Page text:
How Trump Will Build Mexican Wall?

Immediately after becoming the US president, Donald Trump announced that his government would construct the ‘Mexico wall’ in order to cut the number of illegal immigrants.
Undoubtedly, it is a sensitive project and also a costly one. The US-Mexico border is about 3,100km long and crosses all sorts of terrain from empty, dusty desert to the lush and rugged surroundings of the Rio Grande. About 1,046km of the border is already covered by a confused and non-continuous series of fences, concrete slabs and other structures. Trump said that his wall would cover 1,610km and natural obstacles would take care of the rest. “I will build a great wall and nobody builds wall greater than me. Believe me and I build them very inexpensively. I will build a great, great wall on our southern border and I will make Mexico pay for that wall. Mark my words,” added the president.
But, if Trump has to keep his word, the project will have to start by the US dishing out the money first to start work – contrary to the president’s promise that Mexico will pay for the wall. Experts say that it could cost USD 4 million per km to build a single-layer fence, with an additional USD 2.6 million per km for roads and more fencing. Interestingly, their estimates do not include maintenance of the fence along the 3,100km US-Mexico border. A recent study conducted by the Washington Post has predicted the cost of Trump’s wall would be close to USD 25 billion.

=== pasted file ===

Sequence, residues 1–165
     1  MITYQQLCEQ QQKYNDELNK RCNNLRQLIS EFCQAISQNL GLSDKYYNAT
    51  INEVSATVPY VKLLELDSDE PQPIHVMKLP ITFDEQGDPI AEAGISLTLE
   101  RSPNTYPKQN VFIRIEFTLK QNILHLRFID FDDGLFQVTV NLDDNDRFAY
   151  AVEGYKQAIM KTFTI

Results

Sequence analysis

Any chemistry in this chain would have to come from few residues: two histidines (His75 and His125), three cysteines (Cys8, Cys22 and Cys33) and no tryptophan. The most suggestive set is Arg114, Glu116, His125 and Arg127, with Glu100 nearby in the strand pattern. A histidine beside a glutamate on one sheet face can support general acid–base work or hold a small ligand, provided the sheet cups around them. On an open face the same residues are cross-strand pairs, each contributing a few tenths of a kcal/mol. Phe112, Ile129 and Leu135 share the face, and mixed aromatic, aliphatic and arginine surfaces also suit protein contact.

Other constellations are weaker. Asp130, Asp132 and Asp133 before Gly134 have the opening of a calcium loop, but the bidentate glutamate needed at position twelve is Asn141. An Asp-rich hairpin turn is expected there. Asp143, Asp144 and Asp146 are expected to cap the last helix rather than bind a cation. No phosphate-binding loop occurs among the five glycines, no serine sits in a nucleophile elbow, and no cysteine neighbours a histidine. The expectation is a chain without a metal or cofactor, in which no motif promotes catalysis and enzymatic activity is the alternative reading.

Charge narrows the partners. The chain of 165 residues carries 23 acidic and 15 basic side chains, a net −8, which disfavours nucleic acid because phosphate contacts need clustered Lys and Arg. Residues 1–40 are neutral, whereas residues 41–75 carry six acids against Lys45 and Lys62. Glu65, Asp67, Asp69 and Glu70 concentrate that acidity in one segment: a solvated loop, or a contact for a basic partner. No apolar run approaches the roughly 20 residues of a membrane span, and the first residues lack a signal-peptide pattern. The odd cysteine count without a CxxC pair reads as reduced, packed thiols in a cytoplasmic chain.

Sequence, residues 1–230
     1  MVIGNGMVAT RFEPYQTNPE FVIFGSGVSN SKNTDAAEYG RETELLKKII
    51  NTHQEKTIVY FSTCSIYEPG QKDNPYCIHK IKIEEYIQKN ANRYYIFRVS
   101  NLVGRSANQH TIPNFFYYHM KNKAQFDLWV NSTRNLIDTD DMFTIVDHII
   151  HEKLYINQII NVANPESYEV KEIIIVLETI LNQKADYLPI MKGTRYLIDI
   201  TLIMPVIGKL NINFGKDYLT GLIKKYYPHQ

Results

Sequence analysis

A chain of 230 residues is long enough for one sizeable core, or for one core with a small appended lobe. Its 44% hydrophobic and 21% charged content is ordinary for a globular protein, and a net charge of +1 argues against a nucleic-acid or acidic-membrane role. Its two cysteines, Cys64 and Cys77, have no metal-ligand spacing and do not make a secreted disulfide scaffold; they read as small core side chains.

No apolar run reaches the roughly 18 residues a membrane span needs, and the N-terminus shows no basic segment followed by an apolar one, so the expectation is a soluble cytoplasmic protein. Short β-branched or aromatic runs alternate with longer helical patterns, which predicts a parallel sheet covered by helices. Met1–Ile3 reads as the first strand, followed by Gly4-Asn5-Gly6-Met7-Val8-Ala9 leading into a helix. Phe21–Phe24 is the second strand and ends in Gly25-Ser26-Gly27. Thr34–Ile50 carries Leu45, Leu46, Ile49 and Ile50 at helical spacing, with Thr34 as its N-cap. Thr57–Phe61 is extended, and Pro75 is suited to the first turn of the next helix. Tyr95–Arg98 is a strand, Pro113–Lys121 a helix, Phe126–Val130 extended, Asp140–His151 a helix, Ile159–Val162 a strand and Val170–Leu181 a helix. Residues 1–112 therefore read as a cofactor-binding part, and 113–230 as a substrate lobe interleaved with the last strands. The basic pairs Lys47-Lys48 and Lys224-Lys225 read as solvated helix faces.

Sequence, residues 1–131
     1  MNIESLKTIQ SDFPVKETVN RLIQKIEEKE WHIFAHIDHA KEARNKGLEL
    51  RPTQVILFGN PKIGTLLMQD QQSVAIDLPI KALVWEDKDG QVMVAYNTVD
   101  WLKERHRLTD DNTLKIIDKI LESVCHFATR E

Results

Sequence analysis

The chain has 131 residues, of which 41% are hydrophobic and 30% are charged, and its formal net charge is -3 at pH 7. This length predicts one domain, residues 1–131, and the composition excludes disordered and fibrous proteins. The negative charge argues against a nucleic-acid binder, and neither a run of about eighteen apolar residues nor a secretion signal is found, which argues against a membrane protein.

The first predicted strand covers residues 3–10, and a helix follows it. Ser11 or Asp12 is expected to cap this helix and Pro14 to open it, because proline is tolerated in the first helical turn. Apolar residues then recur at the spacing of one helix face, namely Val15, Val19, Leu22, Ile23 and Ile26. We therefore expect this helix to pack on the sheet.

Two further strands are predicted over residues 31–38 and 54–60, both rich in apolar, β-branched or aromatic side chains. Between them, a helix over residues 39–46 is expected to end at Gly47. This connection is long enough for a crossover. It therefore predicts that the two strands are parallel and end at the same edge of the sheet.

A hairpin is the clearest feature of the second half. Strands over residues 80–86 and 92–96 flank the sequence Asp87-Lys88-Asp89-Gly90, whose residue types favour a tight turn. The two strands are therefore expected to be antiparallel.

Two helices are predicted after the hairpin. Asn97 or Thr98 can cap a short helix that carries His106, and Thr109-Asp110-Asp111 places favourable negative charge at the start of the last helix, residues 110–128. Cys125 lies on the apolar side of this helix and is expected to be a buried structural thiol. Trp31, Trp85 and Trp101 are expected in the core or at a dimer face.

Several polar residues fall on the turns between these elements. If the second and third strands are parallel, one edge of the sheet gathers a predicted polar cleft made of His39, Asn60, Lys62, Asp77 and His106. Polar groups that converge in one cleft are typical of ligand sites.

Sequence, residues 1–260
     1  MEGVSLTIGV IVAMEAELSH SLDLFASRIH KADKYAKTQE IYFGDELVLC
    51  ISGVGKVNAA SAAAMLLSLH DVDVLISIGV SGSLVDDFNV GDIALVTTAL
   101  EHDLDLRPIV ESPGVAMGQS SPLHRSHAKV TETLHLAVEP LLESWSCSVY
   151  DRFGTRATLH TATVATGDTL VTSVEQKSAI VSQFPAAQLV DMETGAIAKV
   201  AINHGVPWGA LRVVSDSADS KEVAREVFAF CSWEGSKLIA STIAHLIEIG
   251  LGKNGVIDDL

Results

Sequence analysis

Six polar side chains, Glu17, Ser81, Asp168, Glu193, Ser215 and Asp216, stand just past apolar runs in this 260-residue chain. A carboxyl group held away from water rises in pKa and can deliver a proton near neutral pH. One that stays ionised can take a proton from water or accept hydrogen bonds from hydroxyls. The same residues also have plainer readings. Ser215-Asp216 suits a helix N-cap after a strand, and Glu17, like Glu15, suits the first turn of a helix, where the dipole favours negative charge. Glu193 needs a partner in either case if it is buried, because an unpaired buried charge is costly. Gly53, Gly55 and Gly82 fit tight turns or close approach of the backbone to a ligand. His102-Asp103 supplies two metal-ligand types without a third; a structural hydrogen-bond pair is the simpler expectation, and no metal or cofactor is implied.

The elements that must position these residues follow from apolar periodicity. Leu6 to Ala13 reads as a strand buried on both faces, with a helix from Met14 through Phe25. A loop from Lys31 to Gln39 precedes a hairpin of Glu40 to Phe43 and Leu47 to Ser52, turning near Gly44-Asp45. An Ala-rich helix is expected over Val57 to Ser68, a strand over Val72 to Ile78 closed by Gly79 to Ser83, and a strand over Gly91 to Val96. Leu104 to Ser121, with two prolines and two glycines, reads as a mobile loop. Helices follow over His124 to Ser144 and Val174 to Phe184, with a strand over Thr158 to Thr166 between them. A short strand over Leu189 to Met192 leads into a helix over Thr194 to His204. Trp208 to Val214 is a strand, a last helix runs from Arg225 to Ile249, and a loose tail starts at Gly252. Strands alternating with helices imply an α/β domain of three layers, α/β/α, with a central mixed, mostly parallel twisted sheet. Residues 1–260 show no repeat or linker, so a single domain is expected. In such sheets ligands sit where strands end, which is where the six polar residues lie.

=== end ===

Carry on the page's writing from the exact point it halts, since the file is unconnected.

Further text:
But, the Republicans have other game plan. They plan to ask the US Congress to ensure money is available for the wall without passing any new legislation. Republicans are relying on an existing US law that authorises fencing and other technology along the southern border. By putting wall funding in an appropriation, or spending bill, House Republicans hope to force Democrats to choose between voting for the wall and the shutting down the government. Trump believes that renegotiating the North American Free Trade Agreement (NAFTA) with the Mexican government will make it cough up the money. The president never said how he would make Mexico foot the bill, but suggested that he could go for higher visa and border-crossing fees, or target the billions in remittances sent home by immigrants living in the US.
Meanwhile, the US’ southern neighbour is in really rough shape right now. Mexico is facing nationwide protests because of the rising gas prices and the peso is falling, not least due to speculation about what is going to happen under Trump’s presidency in Washington. The former Spanish colony knows that a security surge along the US-Mexico border will use a military-style approach with more Border Patrol agents, barriers and sensors. The Mexican government understands that it needs good relations with the US. The demographic, environmental, symbolic implications of the wall are huge and that is why Mexico is so worried about it.


1 Comment

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